#MentorSpotlight || Meet Barbara Elstein
“Every customer has a problem, every problem has a solution, but not every solution has a customer.” — Lean Startup Machine
Barbara made aliyah for the first time in the mid-80s, then returned to the NY area and began her career in consulting and market research that included work for major companies such as Proctor & Gamble and Johnson & Johnson. She helped major brands identify emerging trends and potential competitors in the markets to stay ahead of the curve.
She was then recruited by Ernst & Young on the verge of the e-commerce boom, developing an ‘innovation function’ that allowed the firm to create new services and offerings internationally.
Before making aliyah for good, Barbara worked for IBM on market insight and development, looking at markets and their trends to predict the firm’s next innovative offered solutions/ services. Again, Barbara worked on e-commerce and expanded IBM’s reach by focusing on the customer and where they were headed.
Eventually Barbara and her husband’s love for Israel led them to return to the Startup Nation, where she is involved in the nation’s preferred career path, startups.
Six years after settling in Israel, Barbara started consulting and helping companies of all sizes, but had a real love for startups, both product and customer focused.
While mentoring startups at accelerators, something she does often, Barbara encountered TacaTech, a B2B marketplace for the printing industry, soon to be rebranded as Swathly. After hitting it off with the CEO, she joined the team as CMO. TacaTech won first prize in accelerator, The Hive’s, demo day competition last month. Read about it here.
Barbara says the company seeks to disrupt how small and medium-sized print shops buy products and services and grow their businesses. Considering that this is a trillion dollar industry and 70% of print shops are mom-and-pop, there is plenty of room for growth. TacaTech helps printers find the best prices for machinery, spare parts, consumables like paper and ink, and anything else they could possibly need. They’re also trying to help printers transition into digital and locate new markets based on their expertise.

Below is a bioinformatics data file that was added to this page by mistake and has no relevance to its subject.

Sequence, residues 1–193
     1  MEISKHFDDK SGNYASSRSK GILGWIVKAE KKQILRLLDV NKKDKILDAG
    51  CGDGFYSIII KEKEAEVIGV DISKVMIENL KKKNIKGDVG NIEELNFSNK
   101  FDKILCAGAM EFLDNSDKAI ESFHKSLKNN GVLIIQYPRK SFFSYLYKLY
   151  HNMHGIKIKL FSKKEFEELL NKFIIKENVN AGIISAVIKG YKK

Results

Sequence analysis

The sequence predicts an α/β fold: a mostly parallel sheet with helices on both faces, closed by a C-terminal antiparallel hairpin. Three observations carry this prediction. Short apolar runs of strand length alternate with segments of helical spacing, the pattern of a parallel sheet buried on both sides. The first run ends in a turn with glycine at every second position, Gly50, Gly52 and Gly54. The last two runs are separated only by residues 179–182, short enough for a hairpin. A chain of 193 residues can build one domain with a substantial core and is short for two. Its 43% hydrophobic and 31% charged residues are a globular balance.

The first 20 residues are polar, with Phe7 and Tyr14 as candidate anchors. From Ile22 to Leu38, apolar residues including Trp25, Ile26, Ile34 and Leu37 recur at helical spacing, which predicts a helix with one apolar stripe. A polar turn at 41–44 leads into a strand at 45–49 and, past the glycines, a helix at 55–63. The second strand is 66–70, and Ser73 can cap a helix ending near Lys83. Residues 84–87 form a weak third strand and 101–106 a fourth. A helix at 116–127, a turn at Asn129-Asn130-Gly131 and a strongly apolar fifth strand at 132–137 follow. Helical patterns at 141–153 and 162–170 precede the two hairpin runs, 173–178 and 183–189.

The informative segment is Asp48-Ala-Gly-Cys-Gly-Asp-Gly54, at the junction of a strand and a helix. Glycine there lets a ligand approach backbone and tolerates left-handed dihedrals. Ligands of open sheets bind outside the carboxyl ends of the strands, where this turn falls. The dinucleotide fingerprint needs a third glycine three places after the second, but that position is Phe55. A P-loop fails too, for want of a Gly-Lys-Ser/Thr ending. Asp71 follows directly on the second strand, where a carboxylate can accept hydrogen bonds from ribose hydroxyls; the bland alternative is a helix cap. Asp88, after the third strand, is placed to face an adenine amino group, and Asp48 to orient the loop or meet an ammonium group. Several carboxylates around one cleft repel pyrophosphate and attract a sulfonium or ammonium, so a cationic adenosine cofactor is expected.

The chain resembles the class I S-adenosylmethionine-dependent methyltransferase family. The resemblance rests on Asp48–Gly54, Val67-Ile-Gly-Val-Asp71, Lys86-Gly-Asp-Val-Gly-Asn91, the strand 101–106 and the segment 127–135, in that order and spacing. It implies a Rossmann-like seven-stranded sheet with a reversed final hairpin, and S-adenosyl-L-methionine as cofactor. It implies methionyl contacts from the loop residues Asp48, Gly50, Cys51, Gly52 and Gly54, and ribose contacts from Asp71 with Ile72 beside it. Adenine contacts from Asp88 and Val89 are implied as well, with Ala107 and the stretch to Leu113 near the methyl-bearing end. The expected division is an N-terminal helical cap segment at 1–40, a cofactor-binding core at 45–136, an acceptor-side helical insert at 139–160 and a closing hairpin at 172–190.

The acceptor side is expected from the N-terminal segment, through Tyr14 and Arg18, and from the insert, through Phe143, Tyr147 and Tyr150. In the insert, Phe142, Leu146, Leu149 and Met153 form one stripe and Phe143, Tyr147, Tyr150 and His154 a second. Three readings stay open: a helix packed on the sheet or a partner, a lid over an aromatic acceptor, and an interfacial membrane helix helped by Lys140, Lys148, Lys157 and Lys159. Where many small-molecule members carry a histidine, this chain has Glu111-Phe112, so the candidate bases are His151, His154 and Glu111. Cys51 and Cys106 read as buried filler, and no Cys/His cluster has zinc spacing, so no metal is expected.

When she joined the company with no background in the printing industry, she took the advice of many entrepreneurs to ‘get out of the building’ and meet printers. She traveled to New York, going door to door to print shops in the area, and ended up talking to 13 incredibly talented individuals who’re passionate about what they do. Barbara confronted them subtly without even mentioning TacaTech, simply wanting to talk, ask them questions, and have some of her questions answered.
TacaTech is currently seeking $500K in seed funding, has obtained commitment for part of this amount, and is optimistic that it will close this round soon.
Lessons from the corporate to startup world
One unexpected difference between the two worlds that Barbara mentioned was the amount of difficulties and complexities a startup goes through.
She had been under the impression she was moving from a complex corporate world to a simple startup one. But she sees now that for startups to get anything done, they must take action in a complex ecosystem that includes investors, customers, partners and more. This can be even more complicated than navigating corporate bureaucracies.
#1 tip for entrepreneurs
Barbara’s number one tip for all founders is to have the company center on the customer from day one.
“Don’t create the product and then think about the customer, think of the customer and then build the product around them and their needs. Go to them with an open mind, understand what the problem is and what solution they want, and then…. hustle!”